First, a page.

Planned Impact

Academic impacts are described in the previous section. This section summarises industrial and societal impacts.

Over the period of EPSRC funding, the CDT will train at least 60 bright and highly capable engineers in an areas where there is an acute shortage of appropriately skilled people. Most of the graduates are expected to play a leading role in sustainable civil engineering practice over the next 40 years.

The research outputs from Centre research will include new understanding, innovative approaches, inventions, patents and new tools. These will be used by practising engineers to produce more sustainable civil engineering operations and infrastructure, including buildings, bridges, offshore structures, dams, tunnels, pipelines, energy infrastructure and roads. The Pathways to Impact document describes measures designed to accelerate this impact.

The outputs and activities of the Centre are expected to lead to the creation of new companies ranging from consultants providing expert guidance on sustainability issues, through to companies developing and supplying more sustainable construction systems and materials.

The potential benefits to Society of taking a more sustainable approach to civil engineering are enormous, as set out in Ref1: Civil engineering is about creating, improving and protecting the environment in which we live. It provides the facilities needed for commerce, industry and day-to-day life, such as water and energy supply, transport and buildings. This is and has always been done against a background of change. However the rate of change is now increasingly rapid, bringing a number of challenges arising from an increasing and ageing population accompanied by increasing urbanisation, a vast infrastructure legacy that needs to be maintained or replaced, and the need to move to a low carbon economy, whilst not further compromising biodiversity. This is not being driven by a single issue (such as climate change) but is the result of the complex interaction of many pressure bumping up against what the planet can actually provide.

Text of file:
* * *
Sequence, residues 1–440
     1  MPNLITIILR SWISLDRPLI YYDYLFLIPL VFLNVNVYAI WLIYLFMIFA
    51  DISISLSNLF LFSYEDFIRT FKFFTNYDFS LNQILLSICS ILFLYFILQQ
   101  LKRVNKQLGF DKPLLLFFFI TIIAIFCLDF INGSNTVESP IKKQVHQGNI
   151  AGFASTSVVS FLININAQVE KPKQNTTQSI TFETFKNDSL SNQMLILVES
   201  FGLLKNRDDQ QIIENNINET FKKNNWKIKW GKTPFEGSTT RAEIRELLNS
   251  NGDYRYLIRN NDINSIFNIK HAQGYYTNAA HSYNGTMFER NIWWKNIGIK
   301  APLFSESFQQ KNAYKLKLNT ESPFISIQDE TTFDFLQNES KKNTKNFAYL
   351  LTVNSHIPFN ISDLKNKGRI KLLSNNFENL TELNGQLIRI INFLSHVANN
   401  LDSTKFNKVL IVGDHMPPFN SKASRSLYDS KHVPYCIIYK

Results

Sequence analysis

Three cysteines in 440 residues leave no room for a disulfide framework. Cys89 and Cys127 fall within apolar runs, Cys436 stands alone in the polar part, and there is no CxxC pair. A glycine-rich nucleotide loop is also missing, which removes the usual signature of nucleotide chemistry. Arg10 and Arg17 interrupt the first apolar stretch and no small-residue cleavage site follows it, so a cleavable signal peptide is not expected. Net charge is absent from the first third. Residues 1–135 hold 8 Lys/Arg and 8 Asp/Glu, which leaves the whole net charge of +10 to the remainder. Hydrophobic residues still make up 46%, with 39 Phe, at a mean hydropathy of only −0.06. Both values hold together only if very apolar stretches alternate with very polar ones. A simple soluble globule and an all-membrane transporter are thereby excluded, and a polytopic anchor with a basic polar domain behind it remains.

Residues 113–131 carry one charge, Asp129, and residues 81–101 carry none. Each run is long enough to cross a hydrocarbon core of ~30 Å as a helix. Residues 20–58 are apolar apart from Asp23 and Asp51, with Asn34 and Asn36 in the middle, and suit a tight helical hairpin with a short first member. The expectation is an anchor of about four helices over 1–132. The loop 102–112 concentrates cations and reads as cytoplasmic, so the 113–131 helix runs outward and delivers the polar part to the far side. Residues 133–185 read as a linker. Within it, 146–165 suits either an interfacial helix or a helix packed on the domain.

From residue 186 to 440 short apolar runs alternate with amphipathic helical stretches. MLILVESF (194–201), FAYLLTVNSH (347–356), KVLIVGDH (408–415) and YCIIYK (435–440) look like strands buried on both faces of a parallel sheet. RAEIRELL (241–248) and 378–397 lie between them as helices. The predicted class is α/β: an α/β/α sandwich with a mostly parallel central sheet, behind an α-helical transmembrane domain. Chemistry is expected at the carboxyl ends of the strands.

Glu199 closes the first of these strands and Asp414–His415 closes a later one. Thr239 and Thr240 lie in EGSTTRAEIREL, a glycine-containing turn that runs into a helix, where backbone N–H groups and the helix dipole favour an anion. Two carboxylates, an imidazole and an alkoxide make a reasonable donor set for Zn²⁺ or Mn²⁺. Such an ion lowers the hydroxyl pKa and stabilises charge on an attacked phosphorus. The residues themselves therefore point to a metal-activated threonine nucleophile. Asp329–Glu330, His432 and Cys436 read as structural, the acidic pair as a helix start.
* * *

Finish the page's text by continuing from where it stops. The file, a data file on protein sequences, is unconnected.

How we engineer our infrastructure in the future is likely to have a major influence on our ability to live within the sort of planetary boundaries being proposed. The graduates from this Centre are expected to be better equipped than any others to address these challenges for the benefit of mankind. Impacts of the research are likely to include:
a) greater safety and resilience - infrastructure more certain to meet future needs (e.g. by improved modelling of long-term behaviour);
b) less impact of civil engineering on the natural environment (e.g. by low-carbon construction);
c) reduced consumption of limited natural resources (e.g. by developing the circular economy);
d) improved quality of life (e.g. reduced disruption by developing longer life infrastructure with reduced need for maintenance or repair);
e) more economic infrastructure (e.g. by developing multiple use infrastructure or getting more value out of existing infrastructure).

Ref1 ICE, 2010, Engineering to live within Planetary Boundaries: Research Needs for Civil Engineering, Institution of Civil Engineers, London, pp.1-12.


10 25 50